18. Bill Nye: ATOMS  • http://www.schooltube.com/video/52bb23430c9c4e0ebb74/Bill%20Nye%20-%20Atoms

  19. Elements • Elements are the building blocks of all matter. • Elements cannot be decomposed into simpler matter. • Elements are made up of compounds Group Number:1 2 3 4 5 6 7 8

  20. Atomic Number Counts the number of protons in an atom

  21. 11 Na Atomic Number Symbol Atomic Number on the Periodic Table

  22. 11 Na 11 protons Sodium All atoms of an element have the same number of protons

  23. Atomic Mass • Mass of an atom. • Approximately equal to the number of protons and neutrons • Find number of neutrons by subtracting the number of protons from the mass.

  24. Review: • An element's atomic numbertells how many protons are in its atoms. • An element's mass number tells how many protons and neutrons are in its atoms.

  25. Learning Check 1 State the number of protons for atoms of each of the following: A. Nitrogen 1) 5 protons 2) 7 protons 3) 14 protons B. Sulfur 1) 32 protons 2) 16 protons 3) 6 protons C. Barium 1) 137 protons 2) 81 protons 3) 56 protons 2) 7 protons 2) 16 protons 3) 56 protons

  26. Organic Compounds

  27. Organic Compounds • Make up most of living organisms • Contain bonds between two or more carbon atoms • C can easily bond with up to 4 other elements 4 valence electrons = 4 covalent bonds

  28. Organic Compounds • Carbon atom is versatile, can be “backbone” of long chains or rings • Organic molecules can be extremely large and complex; these are called macromolecules

  29. Organic Compounds Four main types of organic macromolecules: Carbohydrates Lipids Proteins Nucleic Acids

  30. Carbohydrates • Made of C, H, & O • Main energy source for living things • Breakdown of sugars supplies immediate energy for cell activities • Extra sugar is stored as complex carbs called starches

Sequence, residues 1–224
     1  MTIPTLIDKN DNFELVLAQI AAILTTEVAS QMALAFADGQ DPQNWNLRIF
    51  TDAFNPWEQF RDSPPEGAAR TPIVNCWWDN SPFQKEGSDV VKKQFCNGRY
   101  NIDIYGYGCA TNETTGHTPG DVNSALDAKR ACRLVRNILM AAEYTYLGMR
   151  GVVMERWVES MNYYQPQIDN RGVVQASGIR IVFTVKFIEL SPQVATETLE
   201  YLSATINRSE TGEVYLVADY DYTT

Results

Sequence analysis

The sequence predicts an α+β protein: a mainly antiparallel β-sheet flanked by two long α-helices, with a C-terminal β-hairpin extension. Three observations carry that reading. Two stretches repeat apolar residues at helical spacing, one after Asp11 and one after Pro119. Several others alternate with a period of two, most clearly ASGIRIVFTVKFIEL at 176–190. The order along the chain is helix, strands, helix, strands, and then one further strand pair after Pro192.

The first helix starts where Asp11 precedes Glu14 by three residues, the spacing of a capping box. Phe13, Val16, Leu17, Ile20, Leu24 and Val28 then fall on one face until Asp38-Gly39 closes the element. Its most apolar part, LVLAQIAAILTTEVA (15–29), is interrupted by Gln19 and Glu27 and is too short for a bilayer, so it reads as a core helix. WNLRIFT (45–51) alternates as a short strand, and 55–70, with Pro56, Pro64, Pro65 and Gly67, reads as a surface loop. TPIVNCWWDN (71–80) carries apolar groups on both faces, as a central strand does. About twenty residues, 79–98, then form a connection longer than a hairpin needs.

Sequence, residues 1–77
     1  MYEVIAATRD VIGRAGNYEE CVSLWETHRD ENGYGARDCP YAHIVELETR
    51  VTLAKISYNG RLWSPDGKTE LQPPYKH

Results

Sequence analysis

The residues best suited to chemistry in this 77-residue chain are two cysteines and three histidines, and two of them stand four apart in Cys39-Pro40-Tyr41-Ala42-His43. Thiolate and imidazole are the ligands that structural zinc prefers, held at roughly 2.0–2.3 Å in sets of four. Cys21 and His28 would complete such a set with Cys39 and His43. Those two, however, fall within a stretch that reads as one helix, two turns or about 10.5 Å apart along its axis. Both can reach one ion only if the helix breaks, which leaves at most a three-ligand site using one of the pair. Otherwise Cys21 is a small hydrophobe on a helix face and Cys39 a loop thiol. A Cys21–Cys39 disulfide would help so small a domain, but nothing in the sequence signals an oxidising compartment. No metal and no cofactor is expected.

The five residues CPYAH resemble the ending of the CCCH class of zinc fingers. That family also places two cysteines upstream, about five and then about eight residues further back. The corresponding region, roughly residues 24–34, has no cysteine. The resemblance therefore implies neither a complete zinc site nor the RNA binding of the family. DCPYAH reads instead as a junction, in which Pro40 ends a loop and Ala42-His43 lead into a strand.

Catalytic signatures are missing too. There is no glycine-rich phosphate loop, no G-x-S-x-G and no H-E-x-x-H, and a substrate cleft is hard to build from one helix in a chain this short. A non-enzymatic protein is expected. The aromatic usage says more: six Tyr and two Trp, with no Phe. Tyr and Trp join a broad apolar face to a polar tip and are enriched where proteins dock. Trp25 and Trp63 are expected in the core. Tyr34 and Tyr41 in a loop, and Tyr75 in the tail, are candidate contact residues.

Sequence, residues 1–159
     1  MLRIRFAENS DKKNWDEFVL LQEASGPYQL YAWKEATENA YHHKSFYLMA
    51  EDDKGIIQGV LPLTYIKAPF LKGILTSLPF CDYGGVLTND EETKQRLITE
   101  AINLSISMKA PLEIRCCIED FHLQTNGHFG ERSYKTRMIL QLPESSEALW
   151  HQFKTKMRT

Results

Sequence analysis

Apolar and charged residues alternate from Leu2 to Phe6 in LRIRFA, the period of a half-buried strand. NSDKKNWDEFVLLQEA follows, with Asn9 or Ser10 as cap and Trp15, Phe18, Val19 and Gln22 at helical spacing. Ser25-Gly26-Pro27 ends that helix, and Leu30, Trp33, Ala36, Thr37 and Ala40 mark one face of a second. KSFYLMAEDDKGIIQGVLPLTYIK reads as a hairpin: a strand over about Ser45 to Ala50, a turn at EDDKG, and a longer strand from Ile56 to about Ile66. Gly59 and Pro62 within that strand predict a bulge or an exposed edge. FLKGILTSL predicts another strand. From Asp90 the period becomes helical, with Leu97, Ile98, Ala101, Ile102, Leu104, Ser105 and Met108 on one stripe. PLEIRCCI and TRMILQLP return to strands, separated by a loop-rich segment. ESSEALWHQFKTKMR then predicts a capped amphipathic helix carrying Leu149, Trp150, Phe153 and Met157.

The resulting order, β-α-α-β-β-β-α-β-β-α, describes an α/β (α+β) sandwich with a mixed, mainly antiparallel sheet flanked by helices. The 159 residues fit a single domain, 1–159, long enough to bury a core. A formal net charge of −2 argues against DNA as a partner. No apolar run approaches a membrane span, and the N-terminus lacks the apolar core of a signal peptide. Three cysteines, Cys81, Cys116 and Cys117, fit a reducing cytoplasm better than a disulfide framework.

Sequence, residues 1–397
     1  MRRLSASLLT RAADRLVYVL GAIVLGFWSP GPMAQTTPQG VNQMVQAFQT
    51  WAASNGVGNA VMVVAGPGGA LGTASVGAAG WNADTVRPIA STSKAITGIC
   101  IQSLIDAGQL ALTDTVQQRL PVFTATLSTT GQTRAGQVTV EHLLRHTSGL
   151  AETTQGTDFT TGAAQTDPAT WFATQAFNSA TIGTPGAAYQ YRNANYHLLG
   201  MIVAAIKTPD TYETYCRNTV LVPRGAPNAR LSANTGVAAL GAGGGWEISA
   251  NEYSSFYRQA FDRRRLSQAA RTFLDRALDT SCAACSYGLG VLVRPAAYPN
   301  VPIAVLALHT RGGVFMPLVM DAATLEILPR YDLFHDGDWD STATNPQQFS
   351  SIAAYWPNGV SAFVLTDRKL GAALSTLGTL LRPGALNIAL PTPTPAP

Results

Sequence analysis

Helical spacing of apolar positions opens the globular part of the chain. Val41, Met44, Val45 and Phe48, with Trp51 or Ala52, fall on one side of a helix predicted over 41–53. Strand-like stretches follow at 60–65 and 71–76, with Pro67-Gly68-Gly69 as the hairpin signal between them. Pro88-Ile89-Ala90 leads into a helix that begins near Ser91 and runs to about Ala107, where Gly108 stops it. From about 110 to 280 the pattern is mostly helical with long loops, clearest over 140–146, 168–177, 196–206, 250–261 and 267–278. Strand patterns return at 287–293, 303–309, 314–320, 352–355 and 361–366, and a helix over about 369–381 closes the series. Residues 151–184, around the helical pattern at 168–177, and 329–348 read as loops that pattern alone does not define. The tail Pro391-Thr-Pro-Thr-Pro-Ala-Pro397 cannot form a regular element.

31. Carbohydrates • Single sugar molecules are called monosaccharides • Examples: • glucose – in many plant and animal tissues, most common monosaccharide • fructose – in many fruits • galactose – component of milk

  32. Carbohydrates • Large molecules of many monosaccharide are polysaccharides • Examples: • glycogen – animals use to store excess sugar • plant starch – plants use to store excess sugar • cellulose – fibers that give plants their rigidity & strength

  33. Lipids • Store more energy than CHOs because the chains are longer • Ex: Fats, oils, waxes • Won’t dissolve in water

  34. Lipids Important parts of biological membranes and waterproof coverings Steroids are lipids that act as chemical messengers

  35. Lipids Many lipids are made from a glycerol combined with fatty acids If all carbons have single bonds, lipid is saturated Ex: butter, lard, animal fat (usually solid at room temperature) If any carbons have double or triple bonds, lipid is unsaturated Ex:vegetable oil, fish oil, peanut oil(usually liquid at room temperature)

  36. Proteins • Contain C, H, O, plus nitrogen • Formed from amino acids joined together • More than 20 amino acids can be joined in any order or number to make countless proteins (think of how many words can be made from 26 letters!)

  37. Proteins Chains are folded and twisted giving each protein a unique shape Van der Waals forces and hydrogen bonds help maintain protein’s shape Shape of protein is important to its function!

  38. Proteins Provide structure Ex: Collagen- makes up your skin, muscles & bones Aid chemical activities in your body Ex: Enzymes- work to speed up rxns in your body Transport substances into or out of cells Help fight diseases

  39. Nucleic Acids • Contain C, H, O, N plus phosphorus • Formed by bonding of individual units called nucleotides nucleotide Nucleic Acid

  40. Nucleic Acids Store and transmit hereditary information Ex: DNA (deoxyribonucleic acid) RNA (ribonucleic acid)